I’ve got three, life-altering words. Lemon. Curd. Glaze.
We are creeping our way into the season of berry-picking, so it’s prudent to arm ourselves with a collection of recipes we can turn to when the over-eagerness, which berry bushes inevitably inspire, catches up with us in the form of overabundance. When we have eaten our fill and our fingers are stained beyond hiding, the baking begins.
We are making a blackberry cake that suits all of your culinary needs. Baby showers, bridal showers, brunches, picnics, or my personal favorite, breakfast - this versatile berry cake does not fail to impress or delight no matter the occasion.
Not only does it boast the most delicate, buttery crumb and perfectly suspended berries (I’ll tell you my trick in a minute), this cake is glazed with the most incredible lemon curd drizzle that I now want to put on every single thing I bake. It is SO good.
First, let’s talk about the berries. Have you ever made a berry cake or muffin only to discover that all of the berries sunk to the bottom of the pan? I think we have all been there. Thankfully, the solution is painless and once you try it out you will wonder why you have not been doing this your whole life.
Simply toss all of your berries in a generous coating of flour before folding them into the batter. This will help the berries to hold their place in the cake batter rather than slipping down to the bottom.
Now, while the cake cools we prepare my favorite part of this cake - the glaze.
Lemon curd, store-bought or homemade, lemon juice, and confectioner’s sugar are whisked into a think, pourable glaze that will veil our cooled cake.
It takes only a few minutes to set up and then the cake is ready to slice!
The waiting period is so hard and in these photographs you can tell that my cake was still a tiny bit warm when I poured the glaze, thus preventing a fully solid finish, but sometimes I get overly eager and suffer the consequences, which, by the way, are still completely delicious.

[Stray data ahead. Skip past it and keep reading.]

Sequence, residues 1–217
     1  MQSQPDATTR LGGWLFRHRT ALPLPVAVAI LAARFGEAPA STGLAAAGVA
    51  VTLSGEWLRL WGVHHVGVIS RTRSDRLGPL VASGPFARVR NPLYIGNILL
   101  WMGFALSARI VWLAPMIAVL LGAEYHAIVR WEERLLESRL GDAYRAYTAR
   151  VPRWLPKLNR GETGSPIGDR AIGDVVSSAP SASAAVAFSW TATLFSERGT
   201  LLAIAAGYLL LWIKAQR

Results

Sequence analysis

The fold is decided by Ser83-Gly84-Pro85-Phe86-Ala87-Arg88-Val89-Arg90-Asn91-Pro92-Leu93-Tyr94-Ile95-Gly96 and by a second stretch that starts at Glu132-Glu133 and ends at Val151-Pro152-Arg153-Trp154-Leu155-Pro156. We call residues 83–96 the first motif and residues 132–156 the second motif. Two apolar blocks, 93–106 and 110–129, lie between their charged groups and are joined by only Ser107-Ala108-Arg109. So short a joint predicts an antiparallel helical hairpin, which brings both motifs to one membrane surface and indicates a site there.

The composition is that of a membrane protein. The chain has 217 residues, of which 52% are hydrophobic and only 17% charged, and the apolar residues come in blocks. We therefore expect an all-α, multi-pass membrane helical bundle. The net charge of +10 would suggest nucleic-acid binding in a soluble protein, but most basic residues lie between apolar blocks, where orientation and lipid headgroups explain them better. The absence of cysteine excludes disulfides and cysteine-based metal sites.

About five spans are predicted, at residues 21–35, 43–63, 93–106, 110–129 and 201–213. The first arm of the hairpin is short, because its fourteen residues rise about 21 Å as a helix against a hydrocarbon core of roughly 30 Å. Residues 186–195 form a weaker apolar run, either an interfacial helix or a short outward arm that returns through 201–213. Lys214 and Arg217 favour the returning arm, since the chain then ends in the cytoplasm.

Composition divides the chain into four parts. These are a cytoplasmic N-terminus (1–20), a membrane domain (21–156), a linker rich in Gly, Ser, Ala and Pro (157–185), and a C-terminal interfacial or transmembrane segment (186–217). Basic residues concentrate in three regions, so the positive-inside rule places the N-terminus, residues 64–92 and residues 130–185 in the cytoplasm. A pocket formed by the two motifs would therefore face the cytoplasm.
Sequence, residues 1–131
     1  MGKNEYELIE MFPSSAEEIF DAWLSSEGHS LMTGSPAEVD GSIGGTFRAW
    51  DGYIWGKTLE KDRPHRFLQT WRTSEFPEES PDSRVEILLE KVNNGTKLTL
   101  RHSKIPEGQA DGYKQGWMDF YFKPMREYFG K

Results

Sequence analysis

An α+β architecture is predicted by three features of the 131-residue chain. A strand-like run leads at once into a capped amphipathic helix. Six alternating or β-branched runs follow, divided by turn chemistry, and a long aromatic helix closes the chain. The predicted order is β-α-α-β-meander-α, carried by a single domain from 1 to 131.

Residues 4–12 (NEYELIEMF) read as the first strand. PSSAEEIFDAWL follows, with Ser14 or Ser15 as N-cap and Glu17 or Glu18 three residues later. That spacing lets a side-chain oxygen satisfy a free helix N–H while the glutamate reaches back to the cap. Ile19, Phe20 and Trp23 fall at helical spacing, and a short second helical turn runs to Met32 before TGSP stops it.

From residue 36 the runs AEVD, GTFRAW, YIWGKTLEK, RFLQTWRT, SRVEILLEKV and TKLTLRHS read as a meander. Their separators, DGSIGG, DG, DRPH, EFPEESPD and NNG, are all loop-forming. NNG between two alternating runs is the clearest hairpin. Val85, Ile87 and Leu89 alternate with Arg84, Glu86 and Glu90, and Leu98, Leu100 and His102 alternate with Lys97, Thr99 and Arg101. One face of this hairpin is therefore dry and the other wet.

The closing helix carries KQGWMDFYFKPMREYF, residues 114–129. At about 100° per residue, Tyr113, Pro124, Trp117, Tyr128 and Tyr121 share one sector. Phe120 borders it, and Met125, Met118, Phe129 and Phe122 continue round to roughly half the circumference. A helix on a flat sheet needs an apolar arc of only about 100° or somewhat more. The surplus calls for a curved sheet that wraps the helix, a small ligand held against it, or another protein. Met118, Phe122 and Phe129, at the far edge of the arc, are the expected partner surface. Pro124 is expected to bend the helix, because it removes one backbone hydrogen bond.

That said, my results with cooled cakes have proved even prettier so, if you can possibly stand it, walk away until this cake has cooled.
Just before the glaze sets, you can decorate your cake with a few blackberries or lemon slices. I’m all about the garnish.
I would really like to invite Mary Berry over right now for a cuppa and a slice of this cake. I think she would approve.
Blackberry Sour Cream Cake with Lemon Curd Glaze
makes one bundt cake
FOR THE CAKE
3/4 cup unsalted butter
1 1/4 cups granulated sugar
3 large eggs
1/2 cup full-fat sour cream
1/4 cup freshly squeezed lemon juice
2 1/4 cups all-purpose flour
1/2 tablespoon baking powder
2 cups fresh blackberries
Preheat oven to 350 degrees F.
Coat a bundt pan liberally with nonstick spray.
Place butter in the work bowl of your stand mixer and beat on medium speed for one minute. Then, using the paddle attachment, cream together butter and sugar until fluffy; this should take 1-2 minutes.
With the mixer still running, beat in eggs one at a time, scraping down the sides of the bowl as needed.
Reduce speed to low and mix in sour cream and lemon juice.
In a large mixing bowl, whisk together 2 cups flour and baking powder. With the mixer on low, slowly add the flour mixture to the mixer, forming a thick, smooth batter.
In a small bowl, toss together remaining 1/4 cup flour and berries, coating all the berries in the flour. This will help the berries to suspend in the batter, rather than sinking to the bottom.
Use a spatula to gently fold the berries into the batter.
Transfer the batter to the prepared bundt pan and smooth the surface. Bake for 50-60 minutes; until golden brown.
Test the cake’s doneness by tapping the top of the cake. If it springs back lightly, the cake is done.
Allow the cake to cool until just warm before turning the cooled cake out onto a platter.
While the cake finishes cooling, prepare the glaze.
FOR THE GLAZE
1/2 cup lemon curd
2 tablespoons freshly squeezed lemon juice
2 cups confectioner’s sugar, sifted
In a medium mixing bowl, whisk together lemon curd and lemon juice. Slowly whisk in the confectioner’s sugar. The glaze should be thick and smooth.
Cook’s Note: If you find that your glaze is too thick, add another teaspoon of lemon juice. The consistency should be similar to that of the cake batter.
Pour the glaze over the cooled cake and allow to set for 15-20 minutes.
Serve immediately, or cover with plastic wrap and enjoy for up to three days.